Few bankers want to hear consumers and community groups rehash grievances from the financial crisis.
But two bankers John Thain, the chief executive of CIT Group, and James Otting, the CEO of OneWest Bank are expected to get an earful at a public hearing in Los Angeles on Thursday, along with more than a dozen officials from Federal Reserve and Office of the Comptroller of the Currency.
Dozens of community groups, minority coalitions and churches are expected to protest CIT's $3.4 billion deal to buy the parent of OneWest on the grounds that the banks have done little to help low-income communities in California. They owe the public more after receiving substantial government help during the financial crisis, critics say.
The hearing is expected to last at least eight hours, with 20 panels, a three-page long roster of speakers and an "open microphone" at the end.
"We want them to be transparent about how they will serve the community in a way that reflects the size of the organization they are to become," said Kevin Stein, the associate director of the California Reinvestment Coalition in San Francisco. The group collected 21,000 signatures in a petition calling for a hearing.
The community groups have plenty of ammunition against the CIT-OneWest merger and may direct some of their ire against regulators. The two banks have received nearly $5 billion in corporate subsidies, Stein said.
CIT, a $48 billion-asset specialty finance company based in Livingston, N.J., received $2.3 billion in taxpayer support from the Treasury Department's Troubled Asset Relief Program. But that infusion was wiped out in 2009 when CIT filed for bankruptcy.
The $23 billion-asset OneWest, based in Pasadena, Calif., received lucrative loss-sharing deals from the Federal Deposit Insurance Corp. that are expected to carry over to the merged company.
The combined bank would have $70 billion in assets and 73 branches. Nearly all of those branches belong to OneWest; only two of them are located in low-income areas, Stein said.
Much of the criticism at the hearing is expected to be directed at OneWest, created in 2009 from the failed subprime lender IndyMac, which was responsible for 35,000 foreclosures in California alone. Some seniors also are expected to complain at the hearing about OneWest's reverse mortgage business resulting in foreclosures for some nonborrowing spouses.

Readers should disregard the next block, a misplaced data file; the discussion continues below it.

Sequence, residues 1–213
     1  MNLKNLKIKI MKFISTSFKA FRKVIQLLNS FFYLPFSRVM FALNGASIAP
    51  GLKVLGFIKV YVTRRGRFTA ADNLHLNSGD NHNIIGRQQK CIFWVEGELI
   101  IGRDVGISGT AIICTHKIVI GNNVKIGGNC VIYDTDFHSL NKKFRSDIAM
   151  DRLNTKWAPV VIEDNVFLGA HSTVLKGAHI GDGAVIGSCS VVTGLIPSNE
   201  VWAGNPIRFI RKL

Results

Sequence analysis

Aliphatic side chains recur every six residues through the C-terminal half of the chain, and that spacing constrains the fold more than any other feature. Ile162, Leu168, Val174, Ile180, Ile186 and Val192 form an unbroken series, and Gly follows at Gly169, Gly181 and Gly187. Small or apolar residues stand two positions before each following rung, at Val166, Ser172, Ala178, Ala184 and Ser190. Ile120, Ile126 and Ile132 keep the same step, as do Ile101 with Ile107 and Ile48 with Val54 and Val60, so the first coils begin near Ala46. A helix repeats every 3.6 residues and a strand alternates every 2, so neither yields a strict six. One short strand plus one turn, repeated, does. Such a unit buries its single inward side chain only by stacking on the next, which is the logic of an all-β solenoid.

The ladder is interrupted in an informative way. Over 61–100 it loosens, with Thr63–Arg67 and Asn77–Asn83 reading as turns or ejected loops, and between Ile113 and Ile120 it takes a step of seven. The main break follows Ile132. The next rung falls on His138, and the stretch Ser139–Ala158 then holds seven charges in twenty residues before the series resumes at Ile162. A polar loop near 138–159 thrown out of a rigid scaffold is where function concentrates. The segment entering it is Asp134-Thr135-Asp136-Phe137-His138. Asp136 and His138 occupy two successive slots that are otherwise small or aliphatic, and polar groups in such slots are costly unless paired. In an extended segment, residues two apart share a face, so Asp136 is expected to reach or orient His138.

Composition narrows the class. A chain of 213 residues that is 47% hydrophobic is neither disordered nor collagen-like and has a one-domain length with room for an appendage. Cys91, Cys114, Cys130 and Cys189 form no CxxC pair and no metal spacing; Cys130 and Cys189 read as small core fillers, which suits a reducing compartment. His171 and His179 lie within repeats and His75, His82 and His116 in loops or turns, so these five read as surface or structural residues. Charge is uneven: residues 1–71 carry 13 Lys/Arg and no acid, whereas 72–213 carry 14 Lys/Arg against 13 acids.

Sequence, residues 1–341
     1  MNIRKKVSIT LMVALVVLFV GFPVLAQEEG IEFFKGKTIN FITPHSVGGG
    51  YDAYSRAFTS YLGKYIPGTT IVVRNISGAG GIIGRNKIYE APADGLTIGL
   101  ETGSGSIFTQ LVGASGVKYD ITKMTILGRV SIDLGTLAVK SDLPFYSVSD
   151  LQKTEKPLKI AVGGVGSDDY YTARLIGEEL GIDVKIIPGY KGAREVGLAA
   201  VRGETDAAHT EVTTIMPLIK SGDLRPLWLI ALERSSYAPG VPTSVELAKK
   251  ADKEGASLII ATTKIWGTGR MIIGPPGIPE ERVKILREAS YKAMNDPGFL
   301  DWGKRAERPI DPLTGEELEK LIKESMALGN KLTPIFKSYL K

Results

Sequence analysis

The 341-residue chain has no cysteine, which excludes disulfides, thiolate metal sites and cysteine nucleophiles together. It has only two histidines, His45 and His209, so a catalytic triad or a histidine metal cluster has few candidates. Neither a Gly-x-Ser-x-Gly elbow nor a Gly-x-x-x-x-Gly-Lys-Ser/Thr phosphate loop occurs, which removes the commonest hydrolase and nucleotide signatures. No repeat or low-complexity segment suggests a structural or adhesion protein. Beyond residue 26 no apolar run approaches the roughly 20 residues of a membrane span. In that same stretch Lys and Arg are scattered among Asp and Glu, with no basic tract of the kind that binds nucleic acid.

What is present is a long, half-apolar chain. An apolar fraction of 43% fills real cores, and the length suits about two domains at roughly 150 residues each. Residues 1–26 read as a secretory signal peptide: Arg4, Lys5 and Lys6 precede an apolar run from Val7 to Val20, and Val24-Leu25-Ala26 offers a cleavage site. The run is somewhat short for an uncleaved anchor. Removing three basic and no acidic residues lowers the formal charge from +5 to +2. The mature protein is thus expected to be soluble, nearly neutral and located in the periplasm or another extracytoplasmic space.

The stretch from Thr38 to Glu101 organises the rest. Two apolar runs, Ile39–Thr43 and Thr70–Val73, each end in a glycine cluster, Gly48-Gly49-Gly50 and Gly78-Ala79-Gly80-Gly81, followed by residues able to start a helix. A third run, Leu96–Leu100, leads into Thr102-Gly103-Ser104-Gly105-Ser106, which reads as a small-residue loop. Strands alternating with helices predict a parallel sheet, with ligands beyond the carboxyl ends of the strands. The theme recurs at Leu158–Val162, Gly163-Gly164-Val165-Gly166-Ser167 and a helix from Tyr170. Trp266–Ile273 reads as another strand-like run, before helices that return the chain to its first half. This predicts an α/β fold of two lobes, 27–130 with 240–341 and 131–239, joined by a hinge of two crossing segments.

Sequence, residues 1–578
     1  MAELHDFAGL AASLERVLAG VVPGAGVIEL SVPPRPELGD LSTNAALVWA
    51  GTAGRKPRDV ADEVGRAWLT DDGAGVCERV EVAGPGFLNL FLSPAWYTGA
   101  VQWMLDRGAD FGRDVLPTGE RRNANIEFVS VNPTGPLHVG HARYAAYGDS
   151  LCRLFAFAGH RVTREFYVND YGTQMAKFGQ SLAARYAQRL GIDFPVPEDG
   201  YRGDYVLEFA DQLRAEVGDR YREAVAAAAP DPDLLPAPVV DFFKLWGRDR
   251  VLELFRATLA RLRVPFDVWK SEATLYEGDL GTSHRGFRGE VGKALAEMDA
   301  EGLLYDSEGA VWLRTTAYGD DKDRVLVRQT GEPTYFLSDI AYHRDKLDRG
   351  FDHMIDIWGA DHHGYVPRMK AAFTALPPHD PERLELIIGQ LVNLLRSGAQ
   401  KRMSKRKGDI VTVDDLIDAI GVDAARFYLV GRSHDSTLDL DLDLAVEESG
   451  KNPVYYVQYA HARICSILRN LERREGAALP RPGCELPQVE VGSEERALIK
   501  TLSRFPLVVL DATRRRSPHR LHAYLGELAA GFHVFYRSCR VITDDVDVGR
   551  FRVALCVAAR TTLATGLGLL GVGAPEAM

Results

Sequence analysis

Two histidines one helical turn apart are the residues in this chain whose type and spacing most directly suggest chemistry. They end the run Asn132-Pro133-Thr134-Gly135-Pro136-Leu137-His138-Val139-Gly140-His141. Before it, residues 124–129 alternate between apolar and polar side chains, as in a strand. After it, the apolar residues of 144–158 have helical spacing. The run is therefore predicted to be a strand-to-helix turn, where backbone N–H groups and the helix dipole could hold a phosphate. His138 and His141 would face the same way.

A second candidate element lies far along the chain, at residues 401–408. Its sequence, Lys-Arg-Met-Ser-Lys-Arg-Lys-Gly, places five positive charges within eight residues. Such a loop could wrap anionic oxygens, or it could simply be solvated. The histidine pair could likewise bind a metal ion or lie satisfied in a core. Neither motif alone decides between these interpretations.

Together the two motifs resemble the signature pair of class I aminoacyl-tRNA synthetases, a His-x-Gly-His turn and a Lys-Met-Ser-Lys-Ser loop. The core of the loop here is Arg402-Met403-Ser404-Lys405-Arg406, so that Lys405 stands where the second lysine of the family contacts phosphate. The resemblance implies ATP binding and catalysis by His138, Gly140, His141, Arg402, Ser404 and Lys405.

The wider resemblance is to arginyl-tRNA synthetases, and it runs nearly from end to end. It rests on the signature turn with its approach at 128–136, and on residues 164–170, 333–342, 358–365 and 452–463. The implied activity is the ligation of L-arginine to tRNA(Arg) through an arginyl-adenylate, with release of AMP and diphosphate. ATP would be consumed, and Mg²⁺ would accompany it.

Public hearings are held for most large bank mergers primarily as a way for community groups to let off steam. But no bank merger has ever been stopped by community protests, though some have been delayed by a few months, said Robert Gnaizda, the retired co-founder and policy director of the Greenlining Institute, in Berkeley.
Some community groups are supporting the merger primarily because the two banks have agreed to invest $5 billion over four years in small business loans and residential mortgage lending, according to a draft proposal. The merged company would develop an annual plan to meet the needs of five assessment areas in Southern California, stretching from Oxnard to San Diego, with the goal of receiving an "outstanding" Community Reinvestment Act rating.
Speaking last month at an Operation Hope conference on financial inclusion in Atlanta, Otting said that OneWest has sought in recent years to "create a culture in our bank that we were going to embrace our community." It has worked with nonprofit organizations to promote financial literacy, encouraged employee volunteering in the community and tried to foster job growth by providing counseling and special products for small business, he said in an interview at the conference.